This behavior is bred out of ignorance and intolerance, if Americans can differentiate between the terror tactics of the KKK and other non-radical Christians, then surely they can have the presence of mind to differientiate between radical Islam and non-radical. Also, Americans that are for the “Muslim ban” cite that in 2011, President Obama signed a similar order to stop travel from some Muslim countries. This is true and anti-Muslim ban Americans cannot get around that fact, they did not protest then. There is a difference though: Aleppo was not a wasteland, and a mini Holocaust was not being committed. Pro-Muslim ban Americans also don’t understand that in these countries, there aren’t just Muslims that are being massacred: Syria has a 10% Christian population.
What Could Happen
When you fight fire with fire, you both get burned. While the safety of our country is of utmost importance, just because you take away someone’s key, doesn’t mean they won’t still come in. Just because we stop immigration from these countries, doesn’t mean that terrorists won’t still find a way into our country, if they really want to. Not to mention that many terrorist attacks that have been committed in the past few years, have predominantly been by people already in the U.S. By banning people, we are only saving ourselves from a small amount of risk. And based on the events during WWII concerning Japanese Americans, imprisoning Americans because of your fear doesn’t really work well. This ban was also made under the assumption that terrorists only come from the Muslim religion. Frank Silva Roque, Scott Roeder, and Jim David Adkisson all had one thing in common…they were radical Christian terrorists. There are other ways to make our country safer. This, could potentially bring in more terrorists.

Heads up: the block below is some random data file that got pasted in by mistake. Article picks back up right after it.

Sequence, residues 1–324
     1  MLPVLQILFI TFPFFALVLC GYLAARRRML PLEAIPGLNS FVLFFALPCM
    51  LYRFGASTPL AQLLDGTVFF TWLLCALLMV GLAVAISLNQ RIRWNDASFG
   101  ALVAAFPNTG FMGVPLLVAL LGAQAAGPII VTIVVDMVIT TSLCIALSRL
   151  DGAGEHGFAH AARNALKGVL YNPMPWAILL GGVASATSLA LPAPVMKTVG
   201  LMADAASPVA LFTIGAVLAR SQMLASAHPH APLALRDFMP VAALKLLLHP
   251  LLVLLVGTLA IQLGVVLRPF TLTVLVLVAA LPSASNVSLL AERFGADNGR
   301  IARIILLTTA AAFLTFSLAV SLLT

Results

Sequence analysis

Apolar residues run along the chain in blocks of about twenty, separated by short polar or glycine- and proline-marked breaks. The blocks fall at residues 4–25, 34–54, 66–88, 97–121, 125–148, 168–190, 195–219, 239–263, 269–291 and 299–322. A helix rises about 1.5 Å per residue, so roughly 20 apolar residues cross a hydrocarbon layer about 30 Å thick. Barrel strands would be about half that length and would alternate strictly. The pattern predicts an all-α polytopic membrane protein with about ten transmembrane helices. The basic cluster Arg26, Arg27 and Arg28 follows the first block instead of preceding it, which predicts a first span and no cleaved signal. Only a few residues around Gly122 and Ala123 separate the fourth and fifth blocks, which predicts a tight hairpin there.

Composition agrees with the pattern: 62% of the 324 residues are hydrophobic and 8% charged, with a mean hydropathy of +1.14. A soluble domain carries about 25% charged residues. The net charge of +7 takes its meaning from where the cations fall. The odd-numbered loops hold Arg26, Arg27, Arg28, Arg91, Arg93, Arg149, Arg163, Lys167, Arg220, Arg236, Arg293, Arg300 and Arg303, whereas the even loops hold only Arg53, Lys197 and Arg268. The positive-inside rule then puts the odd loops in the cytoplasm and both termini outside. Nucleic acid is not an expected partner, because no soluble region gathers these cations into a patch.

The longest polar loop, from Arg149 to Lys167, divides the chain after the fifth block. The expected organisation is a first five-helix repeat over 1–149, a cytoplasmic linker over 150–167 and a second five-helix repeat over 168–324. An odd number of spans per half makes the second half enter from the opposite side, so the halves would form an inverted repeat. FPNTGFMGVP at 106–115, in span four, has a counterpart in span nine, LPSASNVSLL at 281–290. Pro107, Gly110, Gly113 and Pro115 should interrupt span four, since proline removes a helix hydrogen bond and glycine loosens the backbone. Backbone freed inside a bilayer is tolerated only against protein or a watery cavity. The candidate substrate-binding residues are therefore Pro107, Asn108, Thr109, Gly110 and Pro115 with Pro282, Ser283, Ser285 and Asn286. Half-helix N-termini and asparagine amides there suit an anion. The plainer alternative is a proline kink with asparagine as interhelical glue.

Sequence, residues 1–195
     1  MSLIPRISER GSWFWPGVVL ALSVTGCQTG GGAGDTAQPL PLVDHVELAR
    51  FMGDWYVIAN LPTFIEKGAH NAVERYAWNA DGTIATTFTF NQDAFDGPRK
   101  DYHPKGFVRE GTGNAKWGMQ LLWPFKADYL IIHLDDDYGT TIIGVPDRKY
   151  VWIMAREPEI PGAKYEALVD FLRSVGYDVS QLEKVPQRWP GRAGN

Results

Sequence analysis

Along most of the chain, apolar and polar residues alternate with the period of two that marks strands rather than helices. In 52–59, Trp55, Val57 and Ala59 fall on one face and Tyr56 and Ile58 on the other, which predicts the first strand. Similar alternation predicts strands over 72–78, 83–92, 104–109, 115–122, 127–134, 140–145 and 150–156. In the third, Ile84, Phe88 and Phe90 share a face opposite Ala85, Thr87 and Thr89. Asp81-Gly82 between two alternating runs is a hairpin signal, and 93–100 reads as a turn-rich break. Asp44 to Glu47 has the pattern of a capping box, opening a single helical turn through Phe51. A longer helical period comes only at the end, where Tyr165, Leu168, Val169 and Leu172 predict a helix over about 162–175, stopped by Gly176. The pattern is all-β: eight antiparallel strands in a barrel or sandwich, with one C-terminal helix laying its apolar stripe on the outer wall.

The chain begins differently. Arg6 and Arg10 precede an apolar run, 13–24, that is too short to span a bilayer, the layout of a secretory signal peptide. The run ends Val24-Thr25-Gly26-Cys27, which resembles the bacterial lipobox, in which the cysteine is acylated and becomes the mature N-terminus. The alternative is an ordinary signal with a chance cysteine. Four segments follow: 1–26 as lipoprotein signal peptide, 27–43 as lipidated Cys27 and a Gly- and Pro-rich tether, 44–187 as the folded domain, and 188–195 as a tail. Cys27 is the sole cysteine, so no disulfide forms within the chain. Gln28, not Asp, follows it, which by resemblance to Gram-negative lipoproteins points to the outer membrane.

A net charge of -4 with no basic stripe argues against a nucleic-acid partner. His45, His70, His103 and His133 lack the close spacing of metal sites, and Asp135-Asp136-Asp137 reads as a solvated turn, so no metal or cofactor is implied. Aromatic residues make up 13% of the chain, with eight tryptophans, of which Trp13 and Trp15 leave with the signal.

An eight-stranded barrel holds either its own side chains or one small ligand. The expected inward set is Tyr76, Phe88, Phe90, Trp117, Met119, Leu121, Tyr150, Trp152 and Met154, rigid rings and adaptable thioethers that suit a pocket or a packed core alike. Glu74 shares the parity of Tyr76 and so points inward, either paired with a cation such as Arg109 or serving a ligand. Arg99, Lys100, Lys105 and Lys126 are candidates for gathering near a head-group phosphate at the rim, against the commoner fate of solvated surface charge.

This, again, causes uproar in our society, both locally and globally, which solves no problem in any way, on any topic. The biggest issue with this order was how it was carried out. The order specifically states that those with valid visas from these countries were exempt from the order, yet these people were being stopped at airports and sent back to these countries. Communication is key, and a lot of uproar and flac that President Trump needlessly caught, was because it was not communicated well.
A mounting number of refugees will be murdered (450,000+). For those that don’t know: that’s bad.